As is tradition the PI will finish off the run with the last blog. This run marked our 7th year operating at LCO making great images and science. This run was no exception with great science delivered (despite the many clouds we encountered as winter is definitely coming). I’d like to thank all the LCO staff that did a great hosting us and I’d like to thank all the observers that came out to work with MagAO.
I’d like to show some great photos of the packing up process that was done in just one day (a new record).
Below is the ASM ready to be packed up and driven down to the clean room (where it will wait a year for us to come back — but we will come back).
Post failed to include a song of the day, please see 2018A Blog Rules.
Therefore the admin will choose a song of the day:
Yesterday we mounted the SAO’s Giant Magellan Telescope (GMT) dispersed fringe sensor prototype (Proto3 — Brian McLeod’s 3rd version — it keeps getting better). This is a complex set of infrared cameras and optics that mimic 3 of the GMT primary mirrors boundaries. It is basically a 2 slit experiment that interferes light (to make “fringes”) from the edge of each primary (where they almost touch) of the GMT. In this manner we hope to measure if one primary is slightly higher (out of phase in piston) with respect to the other primary — this will be a critical measurement to enable a diffraction-limited GMT in the future.
So that means we turned Magellan/MagAO into just 3 pairs of slits and look at the interference between the pairs. See photo below of the Magellan pupil with these 3 slits pairs superimposed over it.
The fringes produced by the 2 slits are then dispersed in the vertical direction — in this way it can capture/measure up to ~40 microns of piston between GMT segments.
In the photo below you can see the 1.1-1.3 micron (infrared) spectra of the fringes, here MagAO was locked on 300 modes.
Jan Kansky took this great photo of Proto3 (the box above Derek) mounted on the back of the NAS
The main test of the system is to understand the “fringe behavior” when Proto 3 looks far away from the guide star that MagAO is correcting. Below we show a video of what the fringes look like when the fringes come from a star that is 6 arcminutes away from the guide star.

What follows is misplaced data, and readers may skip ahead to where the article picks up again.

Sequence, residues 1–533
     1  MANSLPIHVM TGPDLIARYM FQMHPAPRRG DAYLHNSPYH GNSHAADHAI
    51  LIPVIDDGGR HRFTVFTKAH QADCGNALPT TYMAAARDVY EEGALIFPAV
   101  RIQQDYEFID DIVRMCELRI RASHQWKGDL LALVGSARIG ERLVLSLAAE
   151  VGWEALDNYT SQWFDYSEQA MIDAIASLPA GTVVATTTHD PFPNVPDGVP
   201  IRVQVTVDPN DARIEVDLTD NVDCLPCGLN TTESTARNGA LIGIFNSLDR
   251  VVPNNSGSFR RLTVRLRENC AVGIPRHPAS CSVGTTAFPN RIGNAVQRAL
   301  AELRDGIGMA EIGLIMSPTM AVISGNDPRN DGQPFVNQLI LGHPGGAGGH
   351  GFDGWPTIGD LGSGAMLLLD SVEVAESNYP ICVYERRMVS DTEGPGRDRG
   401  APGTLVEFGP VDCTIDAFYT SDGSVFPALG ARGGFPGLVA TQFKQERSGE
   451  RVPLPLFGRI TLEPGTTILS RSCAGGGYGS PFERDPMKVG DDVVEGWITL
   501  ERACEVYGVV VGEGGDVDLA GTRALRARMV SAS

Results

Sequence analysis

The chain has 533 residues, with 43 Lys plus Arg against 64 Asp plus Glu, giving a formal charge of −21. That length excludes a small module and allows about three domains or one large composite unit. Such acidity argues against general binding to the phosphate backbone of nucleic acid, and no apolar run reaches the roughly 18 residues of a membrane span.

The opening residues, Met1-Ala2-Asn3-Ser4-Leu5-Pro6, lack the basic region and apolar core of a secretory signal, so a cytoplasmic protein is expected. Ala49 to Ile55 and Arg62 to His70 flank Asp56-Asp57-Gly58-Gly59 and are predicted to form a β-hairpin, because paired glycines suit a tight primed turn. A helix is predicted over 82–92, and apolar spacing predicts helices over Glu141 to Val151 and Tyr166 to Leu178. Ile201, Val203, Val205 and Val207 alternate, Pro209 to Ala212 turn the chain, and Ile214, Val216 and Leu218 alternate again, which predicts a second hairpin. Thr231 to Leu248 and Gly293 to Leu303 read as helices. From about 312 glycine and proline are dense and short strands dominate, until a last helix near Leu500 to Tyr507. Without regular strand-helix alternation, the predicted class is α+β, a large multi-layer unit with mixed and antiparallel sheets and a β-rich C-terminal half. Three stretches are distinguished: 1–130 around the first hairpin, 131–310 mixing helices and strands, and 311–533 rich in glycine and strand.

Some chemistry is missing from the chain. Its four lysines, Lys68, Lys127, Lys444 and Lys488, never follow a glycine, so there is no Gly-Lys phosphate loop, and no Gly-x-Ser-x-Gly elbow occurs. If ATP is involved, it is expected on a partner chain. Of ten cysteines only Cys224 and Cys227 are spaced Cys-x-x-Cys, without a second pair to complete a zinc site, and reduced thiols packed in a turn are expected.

So in keeping with tonight’s theme — here is a Fringe song about the TV show of the same name:
This afternoon we mounted Clio on the NAS (the telescope + MagAO) and Katie and Phil got Clio cold and working with its brand new computer.
Despite a cloudy start to the night we did open and Jared tested the new 64-bit computers for MagAO, there were a few surprises about how to set the shell with so many bits. Jared figured out the troubles and a work around. We then ran for the rest of the night just fine for MagAO. Marco and Alfio also helped remotely from Italy — thanks guys!
Phil and Katie also debugged much of the brand new Clio software with lots of remote help from Paul Grenz (in Tucson) all night long. Great progress was made.
We did make great diffraction-limited images of Alpha Cen with VisAO in SDI+ mode as well as on Clio. The AO seems to be running great again.
In the afternoon after Clio was mounted I had some time to photograph a wild vizzy bouncing along the rocks — they really can bounce!
Since it was full of dark clouds tonight, here is a song about thunder…
As is tradition I’m writing the last blog. This run has been a bit challenging due to mostly poor weather. For example, there were a few nights so cloudy that only photos we actually saved were of “Hedwig” the owl landing on our all-sky camera…. Hedwig is great but we really came to look at exoplanets! Anyways by the end of the run we did get some good datasets.
The run had a bit of a rough start with the loss of our main glycol (antifreeze) cooling pump.
The ASM puts out ~2KW of heat. All this heat needs to be removed by a liquid cooling system. So we had ASM cooling system in place that pumps about 11 liters/min of glycol through the ASM. But after more than 6 years of use the pump was starting to fail. Luckily LCO mechanical engineers Juan and Carlos realized this and I gave them the spare pump that I purchased 8 years ago (because eventually all pumps die). After a bit of engineering to make sure the pump pressure at the ASM was safe (we don’t want another leak inside the ASM), the happy final result was a new pump that works very well and keeps the ASM nice and cool.
Then on the first night on sky we had some issues with a bad capacitor (position) sensor (DSP 590) that was causing strange readings and leading to diagnostic “dumps” making the system hard to use. But, adding DSP 590 to the act_wo_pos array in the elec.txt file effectively added it to the list of “actuators that cannot read positions well”. Removing this sensor and replacing the pump allowed us to have a problem free run!